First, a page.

Here’s a paper that probably doesn’t have much relevance out here in the real world, but illustrates some of the problems that we do face. Everyone remembers the Miller-Urey experiment, where a mixture of “primordial” gases (water, methane, ammonia, hydrogen) was subjected to repeated electric sparks and heat in a closed vessel. The idea was to see what sort of compounds might have been able to form in the early stages of Earth’s atmosphere, and it richly vindicated the ideas of J. B. S. Haldane and Alexander Oparin that complex chemicals could have been produced under such simple conditions. Famously, a variety of amino acids and other species were formed, and the number of compounds grows every time someone looks at such mixtures with more sensitive analytical techniques.
It’s quite possible (indeed, likely) that the prebiotic Earth had a different ratio of gases than the original experiment used, but followups invariably still produce amino acids and a “soup” of other compounds. The paper linked to above, from a group at Glasgow, runs a variation that Urey himself would have loved. It replaces all the starting materials with their deuterated forms.
As the chemists in the audience will appreciate, that can indeed make a difference. If the rate-limited step in a chemical process involves the breaking or formation of a bond to a hydrogen atom, that reaction will slow down if you use the heavier deuterium instead (which is the whole basis behind using deuterated drugs to slow down metabolic clearance). So what happens in this case? It turns out that you get the suite of amino acids, more or less as before, but a number of the other components of the mixture change. Dozens of compounds that are present in the “normal” runs aren’t there any more, and dozens of new ones are formed. The additive effect of tweaking those bond-breaking and bond-forming reactions sends things into completely new bins (at least 120 new species in all).
I know that the popular picture of the universe (well, one of the popular pictures) is of this vast, cold, empty, airless space, dry and deserted. And while there’s plenty of that out there, from another perspective, the universe is absolutely soaking with water and with what we think of as the molecules of life. All those old science fiction movies about desperate aliens coming to Earth to steal our water? Load of crap. There’s plenty of water out there. Saturn’s rings are made out of chunks of ice. The satellites of Jupiter have way more water than Earth ever could. Comets are snowballs, and Pluto is layered in ice. And along with that water, there’s plenty of methane, hydrogen, ammonia, nitrogen, and all the other simple gases you can name, and these mixtures have, over time, been heated, chilled, mixed, irradiated up and down the electromagnetic spectrum, exposed to all sorts of mineral surfaces, and zapped by gigantic electrical discharges. This latest work just tells us that the variety of compounds formed out there might be even greater than we thought, depending on the isotopic ratios that a given planet or system started out with.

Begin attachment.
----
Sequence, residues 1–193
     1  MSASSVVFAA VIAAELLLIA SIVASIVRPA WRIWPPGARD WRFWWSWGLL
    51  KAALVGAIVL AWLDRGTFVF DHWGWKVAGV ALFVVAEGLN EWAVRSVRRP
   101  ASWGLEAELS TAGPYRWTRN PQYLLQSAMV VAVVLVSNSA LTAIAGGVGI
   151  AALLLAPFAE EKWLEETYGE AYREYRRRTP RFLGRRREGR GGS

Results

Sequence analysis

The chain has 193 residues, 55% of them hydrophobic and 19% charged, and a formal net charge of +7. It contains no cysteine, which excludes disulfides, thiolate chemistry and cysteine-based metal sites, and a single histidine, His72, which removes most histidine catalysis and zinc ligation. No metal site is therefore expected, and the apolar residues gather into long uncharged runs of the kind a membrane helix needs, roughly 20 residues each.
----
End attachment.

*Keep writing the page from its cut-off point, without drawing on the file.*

The Miller-Urey experiment (with countless variations) has been running for billions of years, in other words, and when you see the colors of Jupiter and Saturn’s clouds (for example), you’re seeing the results. Those should remind organic chemists of the colorful stuff that sticks to the top of a chromatography column, and indeed, it’s probably pretty similar gunk. Amino acids, carbohydrates, nucleotides and other biomolecules are everywhere, from the insides of comets to interstellar clouds. So when we find our own biochemistry using these species, we should not be amazed, and when we eventually find other forms of life doing the same, that shouldn’t come as a surprise, either.
The surprise might be if we’re not deathly allergic to them – that would have made for some pretty odd Star Trek episodes, if Kirk and Spock beamed down to a new planet and immediate started sneezing their heads off and swelling up with anaphylactic shock. I guess we’ll deal with that problem when we get to it!